Sudden Cardiac Arrest Changes Lives Of Dublin Family
Claire Birkholz started team swimming when she was seven. When she was nine, her first winter swim team practice turned out to be her last.
“It was the last ten minutes of swim team practice everything changed. My husband saw a lifeguard rescuing Claire from the pool, and he and the swim coaches began administering CPR,” said Christy Birkholz.
Claire doesn't remember anything from that night in September 2011. Her dad and mom will never forget it.
Claire had a sudden cardiac arrhythmia and fainted in the pool.
"To see your daughter on a ventilator, I mean, I didn't realize you could have IVs in all the places she had IVs,” said Claire.
Claire was diagnosed with Long QT Syndrome. It's a heart rhythm disorder that can potentially cause fast, chaotic heartbeats. These rapid heartbeats may trigger a sudden fainting spell or seizure, and in some cases, death.
Claire spent three weeks at Nationwide Children's Hospital, including a brief stay in intensive care.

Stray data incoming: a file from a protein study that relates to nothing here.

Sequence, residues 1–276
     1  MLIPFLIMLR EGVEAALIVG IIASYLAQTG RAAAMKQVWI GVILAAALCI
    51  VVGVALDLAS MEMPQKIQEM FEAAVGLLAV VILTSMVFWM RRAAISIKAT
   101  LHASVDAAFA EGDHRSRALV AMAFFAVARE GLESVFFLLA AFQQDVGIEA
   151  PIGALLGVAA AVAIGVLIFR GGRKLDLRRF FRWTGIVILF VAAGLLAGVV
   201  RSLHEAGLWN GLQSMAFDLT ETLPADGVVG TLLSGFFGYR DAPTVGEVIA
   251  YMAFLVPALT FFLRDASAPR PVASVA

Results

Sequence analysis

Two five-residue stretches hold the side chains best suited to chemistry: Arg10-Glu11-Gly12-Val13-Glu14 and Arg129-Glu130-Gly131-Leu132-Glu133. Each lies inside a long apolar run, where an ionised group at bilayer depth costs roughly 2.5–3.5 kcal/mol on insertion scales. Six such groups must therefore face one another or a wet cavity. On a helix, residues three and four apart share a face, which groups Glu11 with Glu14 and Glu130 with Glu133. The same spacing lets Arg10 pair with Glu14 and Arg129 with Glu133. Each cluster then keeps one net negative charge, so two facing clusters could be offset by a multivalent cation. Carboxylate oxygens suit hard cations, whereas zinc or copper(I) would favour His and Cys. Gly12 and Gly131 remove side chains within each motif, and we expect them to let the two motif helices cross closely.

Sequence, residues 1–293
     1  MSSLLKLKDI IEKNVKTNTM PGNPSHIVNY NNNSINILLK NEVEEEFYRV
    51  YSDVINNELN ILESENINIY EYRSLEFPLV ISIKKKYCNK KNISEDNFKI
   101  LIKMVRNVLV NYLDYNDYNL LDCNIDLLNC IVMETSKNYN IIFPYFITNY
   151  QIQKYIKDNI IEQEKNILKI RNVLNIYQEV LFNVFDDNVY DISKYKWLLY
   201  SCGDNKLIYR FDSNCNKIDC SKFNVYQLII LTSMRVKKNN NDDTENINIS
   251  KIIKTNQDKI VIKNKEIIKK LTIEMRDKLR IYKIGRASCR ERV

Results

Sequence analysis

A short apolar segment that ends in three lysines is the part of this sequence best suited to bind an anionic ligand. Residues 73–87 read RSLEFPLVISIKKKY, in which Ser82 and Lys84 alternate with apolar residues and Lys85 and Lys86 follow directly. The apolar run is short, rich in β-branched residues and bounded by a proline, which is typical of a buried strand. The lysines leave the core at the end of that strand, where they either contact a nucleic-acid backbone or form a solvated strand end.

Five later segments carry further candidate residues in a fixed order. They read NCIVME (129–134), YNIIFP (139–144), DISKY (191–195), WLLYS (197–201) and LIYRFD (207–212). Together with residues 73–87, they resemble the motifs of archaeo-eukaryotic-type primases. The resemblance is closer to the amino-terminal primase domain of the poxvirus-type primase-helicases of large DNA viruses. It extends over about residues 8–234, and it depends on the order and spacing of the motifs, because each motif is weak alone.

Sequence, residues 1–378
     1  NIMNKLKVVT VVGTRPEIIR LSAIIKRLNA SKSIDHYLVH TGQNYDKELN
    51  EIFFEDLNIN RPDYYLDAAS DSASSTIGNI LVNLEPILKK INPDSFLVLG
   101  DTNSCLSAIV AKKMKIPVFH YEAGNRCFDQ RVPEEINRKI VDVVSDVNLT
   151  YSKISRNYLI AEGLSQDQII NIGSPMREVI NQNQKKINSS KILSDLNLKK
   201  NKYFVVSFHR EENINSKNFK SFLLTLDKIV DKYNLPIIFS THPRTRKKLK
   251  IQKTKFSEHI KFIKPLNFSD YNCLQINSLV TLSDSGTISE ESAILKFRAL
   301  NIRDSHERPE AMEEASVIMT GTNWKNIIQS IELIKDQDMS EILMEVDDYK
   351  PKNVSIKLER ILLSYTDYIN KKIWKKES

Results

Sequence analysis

Dr. Naomi Kersetz implanted an internal cardiac defibrillator in Claire.
“It's like wearing a seatbelt in a car, it's always there it's always watching like if there is a car accident or shock the heart back to a normal rhythm,” said Kersetz.
Genetic testing revealed Claire's father has the gene for the heart defect. Her oldest brother does not have Long QT.
The Birkholz family advocates for CPR training and Automated External Defibrillators or AEDs in school, with people trained to use them.
The Birkholz family will be among the featured speakers at the 7th Annual International SADS (Sudden Arrhythmia Death Syndromes) Foundation Conference on Preventing Sudden Cardiac Death in the Young, which is taking place in Columbus this weekend.